(Updated) end of week roundup:
Peoplesoft founder Dave Duffield launches new company, Workday — Some details have already leaked out, but the launch announcement coming is Monday. No surprise that it’s related to his former love, Peoplesoft, which got gobbled by nemesis Oracle — something he says he he took pretty hard. Duffield, who always loves to rally the troops, is back at it again: Workday is doing the sort of back-office software stuff that Peoplesoft was known for: It’s an “enterprise resource planning” (ERP) company, and will deliver its software online. It was founded in March 2005 by Duffield and Aneel Bhusri, a former Peoplesoft exec and partner at venture firm Greylock. Last time we checked, it was based in Nevada, and Duffield was being accused of evading taxes while jetting to the slopes. (Update: More details about the company in this Merc story: Duffield and and Greylock Partners invested $15 million into the company in 2005. They plan to kick in an additional $20 million next year.)
YouTube planning mobile phone version — You can already load videos to YouTube from your phone, but now YouTube apparently plans to bring YouTube to you, according to comments from CEO Chad Hurley. You’ve heard of YouTube to Go service, launched in May, which lets you send a video you’ve taken with your phone to a YouTube email address, which then uploads the video. These latest comments suggests they want to bring YouTube videos to your phone — and thus tricky streaming requirements.
Microsoft making big, some would say desperate moves lately — Microsoft has partnered with Novell to make the Windows operating system work with open-source Linux software, which is a significant move — it risks eating into Microsoft’s revenues if people start relying on the open-source version. Earlier this week, Microsoft announced a partnership with Cupertino’s PHP software company, Zend, conceding that many developers aren’t using the .Net platform. And its Zune music player goes on sale Nov. 14 for $249.Visto’s hard-headed chief — Wireless messaging company Visto has sued just about everybody, but is still losing money after ten years and after raising $267 million; the the Merc has a good summary of the company. Venture capitalist Stewart Alsop, once a backer of the Visto’s chief executive Brian Bogosian, but who ended up pulling his support, calls Bogosian a “hard-headed son of a gun.” We’ve heard he’s one a tough guy. Indeed, he’s just persuaded Oak Investment to pump in give him even more cash. Latest, though, is that competitor RIM is now fighting back, suing Visto. Meanwhile, Visto is announcing it has signed deals with carriers in…. Nigeria? And while Visto is still fighting its legal battles, Google’s out there, delivering email via an application you can download straight to your Java-enabled phone (which includes most new phones).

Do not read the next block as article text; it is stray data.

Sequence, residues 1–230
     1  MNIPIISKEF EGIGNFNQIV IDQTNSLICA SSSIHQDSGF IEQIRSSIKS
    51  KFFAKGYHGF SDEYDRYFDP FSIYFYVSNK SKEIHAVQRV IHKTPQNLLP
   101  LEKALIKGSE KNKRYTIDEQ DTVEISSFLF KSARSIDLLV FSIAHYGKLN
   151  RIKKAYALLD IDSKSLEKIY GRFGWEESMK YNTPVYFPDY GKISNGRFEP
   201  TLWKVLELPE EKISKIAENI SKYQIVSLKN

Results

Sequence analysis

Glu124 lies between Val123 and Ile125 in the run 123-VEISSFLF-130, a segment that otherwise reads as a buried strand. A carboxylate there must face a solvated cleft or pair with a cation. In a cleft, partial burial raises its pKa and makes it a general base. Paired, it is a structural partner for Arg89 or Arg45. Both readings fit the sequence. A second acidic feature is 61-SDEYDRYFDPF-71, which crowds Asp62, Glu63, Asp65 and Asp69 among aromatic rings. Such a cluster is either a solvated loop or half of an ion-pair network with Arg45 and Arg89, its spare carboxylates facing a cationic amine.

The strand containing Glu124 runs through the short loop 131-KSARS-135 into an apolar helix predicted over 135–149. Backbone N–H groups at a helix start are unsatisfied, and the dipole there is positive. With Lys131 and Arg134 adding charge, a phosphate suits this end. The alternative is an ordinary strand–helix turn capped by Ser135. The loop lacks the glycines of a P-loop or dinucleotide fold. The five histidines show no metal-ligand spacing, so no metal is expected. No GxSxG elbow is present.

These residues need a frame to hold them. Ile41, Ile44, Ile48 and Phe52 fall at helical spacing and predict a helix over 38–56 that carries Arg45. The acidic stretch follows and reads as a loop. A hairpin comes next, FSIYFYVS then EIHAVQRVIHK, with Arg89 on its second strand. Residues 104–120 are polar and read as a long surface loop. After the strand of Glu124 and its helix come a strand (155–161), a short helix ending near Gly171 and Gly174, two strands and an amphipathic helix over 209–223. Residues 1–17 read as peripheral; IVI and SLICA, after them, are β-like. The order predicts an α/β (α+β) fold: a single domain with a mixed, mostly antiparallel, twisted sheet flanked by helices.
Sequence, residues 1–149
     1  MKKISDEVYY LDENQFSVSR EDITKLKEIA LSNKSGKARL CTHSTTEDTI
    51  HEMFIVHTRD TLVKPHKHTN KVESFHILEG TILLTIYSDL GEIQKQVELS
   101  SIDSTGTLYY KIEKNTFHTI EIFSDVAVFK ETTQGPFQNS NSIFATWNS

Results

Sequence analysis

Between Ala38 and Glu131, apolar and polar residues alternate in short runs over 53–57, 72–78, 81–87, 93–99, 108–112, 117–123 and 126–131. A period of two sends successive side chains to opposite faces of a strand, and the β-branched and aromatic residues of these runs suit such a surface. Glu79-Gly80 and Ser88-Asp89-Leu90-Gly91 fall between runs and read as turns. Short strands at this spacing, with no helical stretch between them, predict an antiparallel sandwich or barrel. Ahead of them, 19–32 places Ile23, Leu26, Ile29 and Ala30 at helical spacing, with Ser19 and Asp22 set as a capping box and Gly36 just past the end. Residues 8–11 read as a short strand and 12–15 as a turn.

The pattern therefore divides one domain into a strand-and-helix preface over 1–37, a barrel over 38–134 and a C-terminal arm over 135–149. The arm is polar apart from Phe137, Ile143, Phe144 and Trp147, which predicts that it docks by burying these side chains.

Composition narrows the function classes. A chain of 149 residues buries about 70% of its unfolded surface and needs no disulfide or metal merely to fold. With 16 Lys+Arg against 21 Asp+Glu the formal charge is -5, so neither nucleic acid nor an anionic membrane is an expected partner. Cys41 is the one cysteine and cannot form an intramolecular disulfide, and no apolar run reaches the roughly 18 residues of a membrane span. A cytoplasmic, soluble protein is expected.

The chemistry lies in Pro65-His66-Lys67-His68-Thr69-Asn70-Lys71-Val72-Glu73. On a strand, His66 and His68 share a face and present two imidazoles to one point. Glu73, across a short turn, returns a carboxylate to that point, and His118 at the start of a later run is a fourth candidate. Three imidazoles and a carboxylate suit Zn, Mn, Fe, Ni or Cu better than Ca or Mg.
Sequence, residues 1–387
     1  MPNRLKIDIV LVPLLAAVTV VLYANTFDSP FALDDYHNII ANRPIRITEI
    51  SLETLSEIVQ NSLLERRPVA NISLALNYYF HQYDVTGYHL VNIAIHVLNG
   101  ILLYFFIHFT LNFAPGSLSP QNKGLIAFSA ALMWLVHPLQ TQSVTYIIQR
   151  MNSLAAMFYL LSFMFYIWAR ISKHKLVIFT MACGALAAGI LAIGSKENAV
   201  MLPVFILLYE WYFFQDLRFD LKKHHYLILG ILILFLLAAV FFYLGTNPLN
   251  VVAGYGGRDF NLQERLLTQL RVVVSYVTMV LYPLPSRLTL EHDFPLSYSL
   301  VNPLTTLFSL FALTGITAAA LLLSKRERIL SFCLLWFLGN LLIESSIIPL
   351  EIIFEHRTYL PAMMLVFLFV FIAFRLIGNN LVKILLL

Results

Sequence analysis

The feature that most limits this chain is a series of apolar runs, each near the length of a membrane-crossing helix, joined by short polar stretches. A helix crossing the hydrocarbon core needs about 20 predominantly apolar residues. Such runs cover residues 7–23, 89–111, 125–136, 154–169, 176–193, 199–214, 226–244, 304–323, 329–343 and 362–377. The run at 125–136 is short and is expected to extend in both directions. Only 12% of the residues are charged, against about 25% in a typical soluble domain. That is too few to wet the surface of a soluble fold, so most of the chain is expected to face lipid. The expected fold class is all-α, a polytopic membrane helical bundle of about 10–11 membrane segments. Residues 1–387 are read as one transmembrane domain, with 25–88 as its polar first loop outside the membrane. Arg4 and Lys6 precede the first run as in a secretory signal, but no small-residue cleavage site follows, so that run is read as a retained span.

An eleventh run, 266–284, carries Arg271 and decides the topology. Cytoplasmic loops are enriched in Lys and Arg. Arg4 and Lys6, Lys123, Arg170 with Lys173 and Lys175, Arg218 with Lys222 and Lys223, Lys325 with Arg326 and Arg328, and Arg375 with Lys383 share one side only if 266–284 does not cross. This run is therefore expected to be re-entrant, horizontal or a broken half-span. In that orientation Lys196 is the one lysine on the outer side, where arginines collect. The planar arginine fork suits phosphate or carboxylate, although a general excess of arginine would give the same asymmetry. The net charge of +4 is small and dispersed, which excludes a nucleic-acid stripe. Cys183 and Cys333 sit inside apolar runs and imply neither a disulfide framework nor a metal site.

Venture Capitalist Peter Rip moves to SF for contacts — Venture capitalist at Leapfrog Ventures has joined Crosslink Capital in San Francisco as a General Partner. He writes he’s changing because of “relationships,” noting that SF-based Crosslink invests in everything from start-ups to buyouts, and he’ll have 15 people to help him out — instead of two guys. Yes, perhaps its a coincidence that Crosslink is in SF, but there are more and more companies up in SF these day, and more people telling us that’s the place to be. Sure, until the latest Web bubble bursts!